Wednesday, May 9, 2007

1 April: Your Typical German Teenager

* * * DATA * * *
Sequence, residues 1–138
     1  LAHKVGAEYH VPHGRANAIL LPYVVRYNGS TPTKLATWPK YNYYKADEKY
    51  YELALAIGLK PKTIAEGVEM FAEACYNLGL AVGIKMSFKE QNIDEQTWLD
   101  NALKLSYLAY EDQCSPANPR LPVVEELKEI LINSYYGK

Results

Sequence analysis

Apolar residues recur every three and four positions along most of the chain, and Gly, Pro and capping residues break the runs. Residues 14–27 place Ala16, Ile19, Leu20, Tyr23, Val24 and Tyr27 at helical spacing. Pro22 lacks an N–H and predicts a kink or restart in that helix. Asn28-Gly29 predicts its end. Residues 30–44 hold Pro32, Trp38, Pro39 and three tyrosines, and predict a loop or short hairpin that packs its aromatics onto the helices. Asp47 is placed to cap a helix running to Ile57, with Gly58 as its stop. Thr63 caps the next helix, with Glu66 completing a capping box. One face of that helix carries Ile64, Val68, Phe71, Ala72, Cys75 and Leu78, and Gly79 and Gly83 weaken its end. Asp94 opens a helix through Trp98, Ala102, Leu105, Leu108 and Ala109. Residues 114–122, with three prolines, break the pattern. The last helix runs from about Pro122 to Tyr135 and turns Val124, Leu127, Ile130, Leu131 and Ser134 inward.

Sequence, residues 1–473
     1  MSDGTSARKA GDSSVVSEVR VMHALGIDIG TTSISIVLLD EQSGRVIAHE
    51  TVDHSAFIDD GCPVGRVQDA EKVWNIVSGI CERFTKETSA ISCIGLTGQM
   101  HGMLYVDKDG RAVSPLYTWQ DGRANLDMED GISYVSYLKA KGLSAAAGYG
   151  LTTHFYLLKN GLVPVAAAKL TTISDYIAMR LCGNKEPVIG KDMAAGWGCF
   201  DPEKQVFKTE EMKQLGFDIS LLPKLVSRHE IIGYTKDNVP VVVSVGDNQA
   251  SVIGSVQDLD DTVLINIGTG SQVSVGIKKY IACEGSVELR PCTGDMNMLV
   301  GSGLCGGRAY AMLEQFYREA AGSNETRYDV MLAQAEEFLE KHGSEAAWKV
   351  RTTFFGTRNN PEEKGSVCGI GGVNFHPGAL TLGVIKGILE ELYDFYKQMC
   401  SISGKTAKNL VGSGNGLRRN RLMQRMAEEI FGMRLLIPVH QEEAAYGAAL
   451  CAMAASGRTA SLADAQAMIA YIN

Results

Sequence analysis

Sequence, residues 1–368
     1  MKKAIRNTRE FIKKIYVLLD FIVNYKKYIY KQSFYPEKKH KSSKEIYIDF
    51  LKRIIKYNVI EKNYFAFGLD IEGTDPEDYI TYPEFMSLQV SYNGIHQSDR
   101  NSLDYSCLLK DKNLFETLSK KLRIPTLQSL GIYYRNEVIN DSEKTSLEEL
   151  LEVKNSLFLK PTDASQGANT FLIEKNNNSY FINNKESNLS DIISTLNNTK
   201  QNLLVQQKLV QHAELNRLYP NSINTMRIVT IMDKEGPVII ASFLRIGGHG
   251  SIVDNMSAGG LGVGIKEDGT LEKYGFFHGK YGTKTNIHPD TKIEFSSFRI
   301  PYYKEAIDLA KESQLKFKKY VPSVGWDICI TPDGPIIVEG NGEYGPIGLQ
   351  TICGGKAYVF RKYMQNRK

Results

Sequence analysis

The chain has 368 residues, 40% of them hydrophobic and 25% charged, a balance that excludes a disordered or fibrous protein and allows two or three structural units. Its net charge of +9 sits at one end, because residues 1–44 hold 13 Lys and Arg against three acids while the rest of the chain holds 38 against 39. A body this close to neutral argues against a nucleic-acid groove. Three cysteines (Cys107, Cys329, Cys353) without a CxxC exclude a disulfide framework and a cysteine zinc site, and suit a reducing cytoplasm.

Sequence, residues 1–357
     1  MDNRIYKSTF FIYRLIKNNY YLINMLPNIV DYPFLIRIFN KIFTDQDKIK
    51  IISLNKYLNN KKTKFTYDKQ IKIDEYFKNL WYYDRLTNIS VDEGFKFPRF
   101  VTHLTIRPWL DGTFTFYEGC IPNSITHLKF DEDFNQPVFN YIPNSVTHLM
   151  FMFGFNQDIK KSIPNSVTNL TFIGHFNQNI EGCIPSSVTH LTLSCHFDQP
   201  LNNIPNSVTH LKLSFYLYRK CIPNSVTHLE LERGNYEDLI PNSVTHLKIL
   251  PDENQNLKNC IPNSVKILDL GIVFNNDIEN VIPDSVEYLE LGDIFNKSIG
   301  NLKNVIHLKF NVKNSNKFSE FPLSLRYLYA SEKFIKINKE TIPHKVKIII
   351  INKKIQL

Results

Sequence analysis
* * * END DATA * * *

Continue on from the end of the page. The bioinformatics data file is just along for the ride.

This morning John and I went for a walk with Evelyne’s daughter (whose name, I finally figured out several days later, is not Ara but Oda; since I am writing this after the fact, I will spell it correctly here!). We had Endor with us so we just did a short loop, since Endor’s pace is a bit more leisurely than Cody’s. Oda was a little shy at first but got going pretty well towards the end. She’s 17 and in her eleventh year of school, which means she has two more years of what we would call high school in the States. There are several different levels of “high school” in Germany. You have to take an entrance exam after elementary school; your performance determines which high school you get into and has a big impact on your future career track. It is possible to move up to a higher level school mid-way through, but that doesn’t happen very often. Oda is in the highest level school, which is called Gymnasium. Her favorite subjects are biology, German, art, and music. She’s just started learning the trumpet and plays volleyball in a women’s league. They don’t have school-affiliated sports teams in Germany like they do in the U.S. – here, sports are a completely separate activity, but still very popular. She was tired because her team had just won a match yesterday. She really wants to visit America; her school sends a group of kids to Seattle every other year, but her class is in the off year, and so is her younger brother’s (he’s 14). But, she said the trip requires you to miss four weeks of school and it would not be easy for her to miss so much work during her last year of Gymnasium. She is on spring break for the next two weeks and asked if I’d like to walk with her in the mornings so she can continue to practice her English. She is working at an Apotheke (pharmacy) in Botnang this week to earn some money, so I agreed to walk down there with her tomorrow morning.

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